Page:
Against the Current, No. 79, March/April 1999
Women Rising, Then and Now
— The Editors
Movement Grows to Save Mumia Abu-Jamal
— Steve Bloom
Race and Politics: Blacks in Corporate America
— Malik Miah
Putting the Fox in Charge: What's Fair About the Fair Labor Association?
— Medea Benjamin
The Future of Israel and Palestine
— Harry Clark interviews Professor Israel Shahak
Hugo Chávez and the Crisis of the Dependent Countries: Nationalism, Populism & Democracy
— Guillermo Almeyra
Random Shots: Sic Transit Gloria Bunny
— R.F. Kampfer
- The Teamsters: From Carey to Hoffa
Why Junior Won-and What Next?
— Henry Phillips
The Election's Broader Impact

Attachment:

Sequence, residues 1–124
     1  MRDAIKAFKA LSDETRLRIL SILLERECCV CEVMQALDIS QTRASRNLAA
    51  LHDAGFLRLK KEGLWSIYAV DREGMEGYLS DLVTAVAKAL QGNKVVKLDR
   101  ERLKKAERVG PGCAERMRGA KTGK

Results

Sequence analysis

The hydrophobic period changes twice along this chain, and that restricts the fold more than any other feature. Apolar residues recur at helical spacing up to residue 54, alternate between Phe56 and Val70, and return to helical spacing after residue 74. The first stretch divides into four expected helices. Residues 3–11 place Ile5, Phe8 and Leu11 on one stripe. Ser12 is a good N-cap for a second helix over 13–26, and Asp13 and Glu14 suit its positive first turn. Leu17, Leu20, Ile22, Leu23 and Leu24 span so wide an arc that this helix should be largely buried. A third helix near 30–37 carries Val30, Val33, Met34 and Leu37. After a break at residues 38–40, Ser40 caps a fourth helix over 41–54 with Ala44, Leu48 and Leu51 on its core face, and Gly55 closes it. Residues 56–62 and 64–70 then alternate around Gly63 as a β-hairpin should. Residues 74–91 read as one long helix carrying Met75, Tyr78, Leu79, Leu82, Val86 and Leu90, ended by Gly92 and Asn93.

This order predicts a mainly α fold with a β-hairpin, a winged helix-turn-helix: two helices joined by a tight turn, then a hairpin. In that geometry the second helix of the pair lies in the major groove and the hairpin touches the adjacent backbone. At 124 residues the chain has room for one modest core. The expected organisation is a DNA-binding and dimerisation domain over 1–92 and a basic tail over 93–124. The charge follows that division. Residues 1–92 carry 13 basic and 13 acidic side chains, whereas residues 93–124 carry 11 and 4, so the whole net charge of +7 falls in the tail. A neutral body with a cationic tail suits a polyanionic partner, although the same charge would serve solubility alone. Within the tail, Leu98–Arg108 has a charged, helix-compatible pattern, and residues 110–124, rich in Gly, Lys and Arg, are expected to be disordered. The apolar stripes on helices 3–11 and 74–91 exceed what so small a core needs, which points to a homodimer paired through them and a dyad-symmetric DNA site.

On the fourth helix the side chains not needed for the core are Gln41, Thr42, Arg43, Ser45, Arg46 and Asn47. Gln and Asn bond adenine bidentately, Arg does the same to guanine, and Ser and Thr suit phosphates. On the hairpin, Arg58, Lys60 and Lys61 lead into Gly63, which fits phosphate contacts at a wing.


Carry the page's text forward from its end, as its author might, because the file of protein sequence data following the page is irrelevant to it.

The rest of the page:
— Mike Parker
- For International Women's Day
The Misogyny of Welfare "Reform"
— Stephanie Luce interviews Randy Albelda
NYC's Workfare Shell Game: An Interview with Heidi Dorow
— The Editors
Claudia Clark's "Radium Girls"
— Dr. Sherry Baron
Review: Memoirs of An Underground Woman
— Rachel White
Josephine Herbst's "Pity is not Enough"
— Angela Hubler
Review: Recovering Surrealist Women
— Bertha Husband
The Rebel Girl: Death of Our Hoop Dreams
— Catherine Sameh
- Capital's Global Turbulence: A Symposium
A Reply to Robert Brenner
— Mary C. Malloy and Charlie Post
Accumulation and Control of Labor
— Hillel Ticktin
- In Memoriam
Joyce Maupin, 1921-1998
— Barri Boone
“Money does grow on trees if it’s planted in the money mud.”
—Rev. Jesse Jackson